Join Us at Women Deliver 2013 – Registration is Live!

By: Jill Sheffield, President of Women Deliver

Last month, we received the good news that maternal mortality rates are on the decline – maternal deaths have fallen by nearly 50 percent over the past two decades. With this good news at our heels, we’re excited to announce the opening of registration for the Women Deliver 2013 conference – the largest global conference to focus on the health and empowerment of girls and women of the last 10 years.

The upcoming year is a critical moment for girls and women. As we see the rates of maternal mortality go down, we see that success is possible and that solutions exist. But our work is far from done – 800 women are still dying during pregnancy and childbirth every day and countless more are injured. What we need now – and more urgently than ever – are even stronger political and financial commitments to save and improve the lives of girls, women, and newborns.

That’s exactly why the Women Deliver 2013 conference is so important. On May 28-30 in Kuala Lumpur, Malaysia, more 5,000 participants from around the world will convene with one goal — a commitment to improve the lives of girls and women. Participants will include Heads of State, government and UN officials, Ministers of Health and Finance, Parliamentarians, youth advocates, corporate executives, healthcare professionals, academics, civil society organizations, and advocates. To ensure that there is strong participation from those individuals on the front lines in the Global South, Women Deliver will provide conference and travel support to 1,000 participants.

When we meet in 2013, we will be nearing a historic deadline – the end of the Millennium Development Goals (MDGs) in 2015. While a great deal of progress has been made, there is still a long way to go and MDG5 – to reduce maternal mortality – is the most off-track of all the MDGs. This conference will be an opportunity to strategize about the road to 2015 and beyond, highlighting ongoing challenges, success stories, and new opportunities ahead of us.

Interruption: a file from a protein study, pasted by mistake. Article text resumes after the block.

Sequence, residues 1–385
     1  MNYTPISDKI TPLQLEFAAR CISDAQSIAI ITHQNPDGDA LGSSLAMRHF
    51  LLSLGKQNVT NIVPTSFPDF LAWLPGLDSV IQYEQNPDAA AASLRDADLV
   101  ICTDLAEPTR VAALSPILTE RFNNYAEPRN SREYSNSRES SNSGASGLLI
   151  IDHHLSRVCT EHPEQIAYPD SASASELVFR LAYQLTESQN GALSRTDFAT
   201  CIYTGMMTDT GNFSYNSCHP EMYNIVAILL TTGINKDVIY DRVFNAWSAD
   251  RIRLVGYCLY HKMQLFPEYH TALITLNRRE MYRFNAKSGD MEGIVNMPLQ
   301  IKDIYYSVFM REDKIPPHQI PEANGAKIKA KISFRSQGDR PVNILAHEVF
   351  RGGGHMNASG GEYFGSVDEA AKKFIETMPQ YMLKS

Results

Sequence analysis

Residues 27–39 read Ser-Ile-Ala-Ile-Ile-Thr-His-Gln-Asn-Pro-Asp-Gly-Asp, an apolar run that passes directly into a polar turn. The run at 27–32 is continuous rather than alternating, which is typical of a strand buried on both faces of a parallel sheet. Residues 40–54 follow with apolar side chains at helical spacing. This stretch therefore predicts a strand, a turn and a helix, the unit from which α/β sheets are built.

Here are some highlights we’re anticipating for the Women Deliver 2013 conference:

  • High-level participants: The conference will include ministers, parliamentarians, UN heads, global media, and CEOs – and hopefully you will join them! We will convene these participants to ensure that the key issues affecting girls and women are visible and collect commitments to girls and women’s health and empowerment leading up to 2015 and beyond.
  • Exciting speakers and revolutionary thinkers: In 2010, we heard from such speakers as Ban Ki-moon, Kathleen Sebelius, Michelle Bachelet, Mary Robinson, Michel Sidibé, Melinda Gates, Arianna Huffington and many more during our sessions and plenaries.  We are expecting equally exciting and inspiring speakers at the 2013 conference to lead the discussion once again.
  • Youth Participation: Women Deliver is committed to meaningful youth participation, and has set aside 50% of all scholarships for young people under 30-years-old from various regions to participate. There will also be a youth pre-conference, a youth track in the program and youth speakers throughout the conference.
  • Exhibit Hall: Expect to find a hub for discussion, networking and learning in this space. There will be lounge chairs for conversations, free wi-fi, an areas for skills-building workshops, unlimited coffee and snacks and space for groups to showcase new technologies, innovative products and exciting work. If you’re organization is thinking of exhibiting, I encourage you to sign up early!
  • Opportunities for Professional Development: Not only will there be side trips to clinics and  service programs in Kuala Lumpur, giving attendees a unique opportunity to learn about programs that have helped Malaysia achieve its phenomenal success in reducing maternal mortality, but there will be a career fair available for organizations to recruit young participants and staff.

I hope that you will participate in this unique and game-changing international conference. Whether you focus on health care, technology, telecommunications, manufacturing, entertainment or finance, the health of girls and women affects the health of your industry.